Description Weighting(%)
1. Course introduction and overview of module topics 10.00
2. Understanding victims, victimisation and victimology 20.00
3. Victimology in Context 50.00
4. Representation of victims 10.00
5. Responses to victims 10.00

Text and Materials

ALL textbooks and materials available to be purchased can be sourced from USQ's Online Bookshop (unless otherwise stated). (

Please contact us for alternative purchase options from USQ Bookshop. (

Walklate, S 2018, Handbook of Victims and Victimology, 2nd edn, Routledge, London and New York.
(Please refer to the set reading list on the StudyDesk for this course.)

Reference Materials

Reference materials are materials that, if accessed by students, may improve their knowledge and understanding of the material in the course and enrich their learning experience.

Student Workload Expectations

Activity Hours
Assessments 100.00
Directed and Private Study 65.00

Assessment Details

Description Marks out of Wtg (%) Due Date Objectives Assessed Notes
Online Activity 15 15 29 Jul 2021 1,2
Assignment 1 - Part A 20 20 13 Aug 2021 1,2 (see note 1)
Assignment 1 - Part B 25 25 08 Oct 2021 1,2,3,4,5
Online Test 40 40 22 Oct 2021 1,2,3,4

  1. Feedback from Assignment 1 Part A will be provided to students in time and relevant for Assignment 1 Part B.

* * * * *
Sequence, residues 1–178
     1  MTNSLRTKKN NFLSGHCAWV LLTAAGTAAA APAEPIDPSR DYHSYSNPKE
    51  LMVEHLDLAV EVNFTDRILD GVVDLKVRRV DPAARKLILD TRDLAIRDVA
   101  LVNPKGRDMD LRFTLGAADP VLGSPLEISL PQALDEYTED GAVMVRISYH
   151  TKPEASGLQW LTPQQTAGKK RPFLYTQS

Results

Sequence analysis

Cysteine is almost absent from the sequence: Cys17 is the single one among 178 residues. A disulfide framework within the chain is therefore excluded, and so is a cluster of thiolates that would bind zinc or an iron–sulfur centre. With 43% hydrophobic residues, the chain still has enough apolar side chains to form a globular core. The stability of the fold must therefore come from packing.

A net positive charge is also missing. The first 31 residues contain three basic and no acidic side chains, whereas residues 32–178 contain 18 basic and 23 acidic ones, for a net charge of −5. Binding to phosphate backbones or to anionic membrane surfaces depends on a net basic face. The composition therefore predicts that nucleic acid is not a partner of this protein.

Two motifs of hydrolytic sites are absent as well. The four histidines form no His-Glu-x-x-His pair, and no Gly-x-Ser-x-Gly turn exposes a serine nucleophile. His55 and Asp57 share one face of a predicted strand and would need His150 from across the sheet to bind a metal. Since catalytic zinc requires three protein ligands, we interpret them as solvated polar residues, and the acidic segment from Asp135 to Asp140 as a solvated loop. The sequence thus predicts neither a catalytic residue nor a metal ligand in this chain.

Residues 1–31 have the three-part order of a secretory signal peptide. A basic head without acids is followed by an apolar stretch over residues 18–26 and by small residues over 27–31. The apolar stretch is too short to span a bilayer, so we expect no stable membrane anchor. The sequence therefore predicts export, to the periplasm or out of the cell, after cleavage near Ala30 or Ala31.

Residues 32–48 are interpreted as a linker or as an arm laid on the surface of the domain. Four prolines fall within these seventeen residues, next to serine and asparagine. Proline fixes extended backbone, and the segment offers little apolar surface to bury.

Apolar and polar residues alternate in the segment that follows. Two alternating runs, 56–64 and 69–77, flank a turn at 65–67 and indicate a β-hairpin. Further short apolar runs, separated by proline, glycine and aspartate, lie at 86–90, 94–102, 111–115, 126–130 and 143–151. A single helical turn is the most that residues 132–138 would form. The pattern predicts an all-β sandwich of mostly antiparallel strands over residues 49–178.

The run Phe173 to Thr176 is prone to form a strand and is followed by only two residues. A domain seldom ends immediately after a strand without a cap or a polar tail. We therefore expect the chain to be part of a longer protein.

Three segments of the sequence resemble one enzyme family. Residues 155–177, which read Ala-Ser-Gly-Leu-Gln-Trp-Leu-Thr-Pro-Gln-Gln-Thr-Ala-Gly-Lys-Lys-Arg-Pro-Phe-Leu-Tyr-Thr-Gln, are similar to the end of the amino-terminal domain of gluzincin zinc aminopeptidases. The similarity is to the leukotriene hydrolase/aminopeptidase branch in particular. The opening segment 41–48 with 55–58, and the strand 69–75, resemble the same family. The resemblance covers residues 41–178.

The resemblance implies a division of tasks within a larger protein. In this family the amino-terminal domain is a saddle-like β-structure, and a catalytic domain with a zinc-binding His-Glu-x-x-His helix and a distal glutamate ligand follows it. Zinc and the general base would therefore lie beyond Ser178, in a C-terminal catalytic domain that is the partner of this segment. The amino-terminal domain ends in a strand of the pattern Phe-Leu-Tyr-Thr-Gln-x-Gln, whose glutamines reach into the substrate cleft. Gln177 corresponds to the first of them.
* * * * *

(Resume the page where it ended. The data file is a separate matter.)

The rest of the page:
Important assessment information

  1. Attendance requirements:
    It is the students' responsibility to attend and participate appropriately in all activities scheduled for them, and to study all material provided to them or required to be accessed by them, to maximise their chance of meeting the objectives of the course and to be informed of course-related activities and administration.

  2. Requirements for students to complete each assessment item satisfactorily:
    To satisfactorily complete an individual assessment item a student must achieve at least 50% of the marks for that item.

  3. Penalties for late submission of required work:
    Students should refer to the Assessment Procedure (point 4.2.4)

  4. Requirements for student to be awarded a passing grade in the course:
    To be assured of receiving a passing grade a student must achieve at least 50% of the total weighted marks available for the course.

  5. Method used to combine assessment results to attain final grade:
    The final grades for students will be assigned on the basis of the aggregate of the weighted marks obtained for each of the summative items for the course.

  6. Examination information:
    There is no exam for this course.

  7. Examination period when Deferred/Supplementary examinations will be held:
    Deferred and Supplementary examinations will be held in accordance with the Assessment Procedure

  8. University Student Policies:
    Students should read the USQ policies: Definitions, Assessment and Student Academic Misconduct to avoid actions which might contravene University policies and practices. These policies can be found at

Assessment Notes

  1. Referencing in assignments must comply with the American Psychological Association (APA) referencing system. This system should be used by students to format details of the information sources they have cited in their work. The (APA) style to be used is defined by the USQ library’s referencing guide.

Date printed 8 November 2021